Thursday, September 24, 2009
Tuesday, September 22, 2009
Brian also showed using a center needle position buttonholer with a left needle position machine (in his case, a Kenmore). I bought a Kenmore-branded Greist high shank buttonholer that refuses to attach to my Necchi BU (the shape of the needlebar seems incompatible with the groove in the buttonholer?). Inspired by Brian, I decided to test the Kenmore buttonholer with another recent machine acquisition, a left needle position Japanese machine from the 1960s. All went well until we reached the top left edge of the buttonhole, when the needle hit the rim of the buttonhole opening (the rectangular area where the buttonhole is created) and broke. Too bad! Nothing ventured, nothing gained. The real investment in these vintage machines is not the purchase price (small), but the time in researching and testing the various combinations and settings.
Sunday, September 20, 2009
There you go: conflicted.
My son loves yard sales, and they do make for some good entertainment. Yesterday, he came home with a large plastic pipe (for creating a bazooka), while I (the anti-consumer, you know) netted four pieces of fabric and a rolling cart.
The cart comes at a welcome moment. I've been eyeing rolling sewing machine cases. They look handy, well-designed for protecting the machine and very expensive! Not to mention quite glaringly unattractive. I had been turning over in my mind that there are many, many cases and carriers for all manner of baggage in our attic. How could it be that a solution didn't exist there already? I decided that the missing elements were a frame and wheels, in a configuration that could accept a sewing machine in a hard case. This American Tourister cart is sturdy, so I know it is up to the job. And only $2. Shown with the Capitol Deluxe rummage sale find of three weeks ago (ahem), and a divine piece of vintage wool plaid blanketing fabric from yesterday.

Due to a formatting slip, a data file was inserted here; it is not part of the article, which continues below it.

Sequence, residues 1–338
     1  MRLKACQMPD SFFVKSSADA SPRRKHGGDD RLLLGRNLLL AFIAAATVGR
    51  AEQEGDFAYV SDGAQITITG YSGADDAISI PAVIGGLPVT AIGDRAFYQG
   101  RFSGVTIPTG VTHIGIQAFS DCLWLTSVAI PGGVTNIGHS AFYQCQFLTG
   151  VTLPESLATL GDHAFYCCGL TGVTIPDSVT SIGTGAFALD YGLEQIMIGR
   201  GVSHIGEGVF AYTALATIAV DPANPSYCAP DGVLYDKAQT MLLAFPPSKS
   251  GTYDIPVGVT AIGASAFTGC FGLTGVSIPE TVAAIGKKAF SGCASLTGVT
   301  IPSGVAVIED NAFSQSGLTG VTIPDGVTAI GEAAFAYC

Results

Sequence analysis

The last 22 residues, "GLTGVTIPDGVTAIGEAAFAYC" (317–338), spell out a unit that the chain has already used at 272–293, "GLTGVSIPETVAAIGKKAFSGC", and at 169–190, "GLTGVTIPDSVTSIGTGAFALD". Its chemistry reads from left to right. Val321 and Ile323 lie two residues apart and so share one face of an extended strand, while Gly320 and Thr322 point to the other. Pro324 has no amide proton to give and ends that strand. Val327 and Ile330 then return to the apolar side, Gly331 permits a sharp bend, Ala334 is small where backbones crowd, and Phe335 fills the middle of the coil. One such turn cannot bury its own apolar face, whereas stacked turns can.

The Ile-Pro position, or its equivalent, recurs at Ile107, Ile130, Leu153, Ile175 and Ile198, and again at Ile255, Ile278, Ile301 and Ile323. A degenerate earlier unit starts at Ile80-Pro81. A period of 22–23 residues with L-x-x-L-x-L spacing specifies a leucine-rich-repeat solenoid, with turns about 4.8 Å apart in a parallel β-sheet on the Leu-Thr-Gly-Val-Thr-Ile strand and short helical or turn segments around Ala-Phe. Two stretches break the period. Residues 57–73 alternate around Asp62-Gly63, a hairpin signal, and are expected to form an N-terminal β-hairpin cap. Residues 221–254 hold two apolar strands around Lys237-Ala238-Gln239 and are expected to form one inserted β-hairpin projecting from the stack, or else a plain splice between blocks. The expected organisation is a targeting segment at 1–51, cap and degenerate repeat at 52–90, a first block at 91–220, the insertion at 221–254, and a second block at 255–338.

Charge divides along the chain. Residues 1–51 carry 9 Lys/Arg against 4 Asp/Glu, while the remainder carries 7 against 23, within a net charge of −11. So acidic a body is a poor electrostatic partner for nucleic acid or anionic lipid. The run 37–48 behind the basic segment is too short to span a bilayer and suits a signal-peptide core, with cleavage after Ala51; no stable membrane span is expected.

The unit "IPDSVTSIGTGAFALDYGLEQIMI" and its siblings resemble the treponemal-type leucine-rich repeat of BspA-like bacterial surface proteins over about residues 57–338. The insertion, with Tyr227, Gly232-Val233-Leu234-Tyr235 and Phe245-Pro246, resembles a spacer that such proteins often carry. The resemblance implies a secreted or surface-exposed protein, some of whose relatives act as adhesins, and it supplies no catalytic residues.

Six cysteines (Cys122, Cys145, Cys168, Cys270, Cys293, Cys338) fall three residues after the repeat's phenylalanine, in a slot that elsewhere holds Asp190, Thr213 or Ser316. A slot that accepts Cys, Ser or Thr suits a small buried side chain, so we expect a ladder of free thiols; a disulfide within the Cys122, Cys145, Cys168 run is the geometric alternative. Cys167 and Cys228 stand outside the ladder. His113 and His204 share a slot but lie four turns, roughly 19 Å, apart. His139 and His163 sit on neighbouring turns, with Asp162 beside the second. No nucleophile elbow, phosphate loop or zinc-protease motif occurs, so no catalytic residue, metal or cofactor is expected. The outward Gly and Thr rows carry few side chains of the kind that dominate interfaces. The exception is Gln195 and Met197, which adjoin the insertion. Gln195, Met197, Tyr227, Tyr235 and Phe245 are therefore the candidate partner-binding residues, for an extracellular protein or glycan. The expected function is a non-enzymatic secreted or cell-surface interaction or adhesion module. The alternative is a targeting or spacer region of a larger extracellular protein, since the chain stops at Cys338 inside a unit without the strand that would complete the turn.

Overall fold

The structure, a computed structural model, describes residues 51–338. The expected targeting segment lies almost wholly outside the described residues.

Probably the best fabric find was this Viyella. Only 36" wide, but nearly three yards, so enough for a blouse. Viyella is a wool and cotton blend of high quality.
Saturday, September 19, 2009
I would love to say Lace Heaven had every color my heart could desire, but my heart has many, many desires, one of which is stretch lace in a narrow width in chocolate brown. Didn't find that, but there were many jewel tones to compensate. I am excited about giving these a whirl on some fall t-shirts.
In the past week, I've completed a second version of the Ottobre Woman Pigeon Gray dress, this time in a black and white loosely woven sweater knit, as well as a quick pair of yoga pants in black Powerstretch to go with the dress and the other tunics I'm making. Look for them soon.
Wednesday, September 9, 2009
To make the blouse-length pattern into a dress, I simply added about twelve inches of length to the lower front panel, tapering out a bit more at the side seams in the hip area. All the pieces can be cut on the straight of grain rather than the bias, since the knit provides the stretch. For the back, I split the single back panel into two pieces at the same level as the empire seam in the front (adding a seam allowance to upper and lower piece). The lower piece I cut with a center seam and a swayback adjustment. I'm not completely convinced that this is the last word in how to best fit the back for me. I like continuing the empire seam around the whole dress, so that it functions like a waistline. On the other hand, using a center seam down the entire length of the back would allow for more control of the swayback curve. I can't see using the empire seam plus a center seam from top to bottom, creating a + motif in the middle of my back.
The hem was finished with a simple serger rolled hem, as I'm thinking of wearing this as a dress until the weather turns decidedly cooler, then shortening it to tunic length to wear over jeans and a long sleeve shirt for winter.
Love the way this turned out! I also made a three-quarter sleeve version in a black colorway of the same print (from fabric.com). Pictures will be forthcoming.
Wednesday, September 2, 2009
Love it, hate it, or something in between?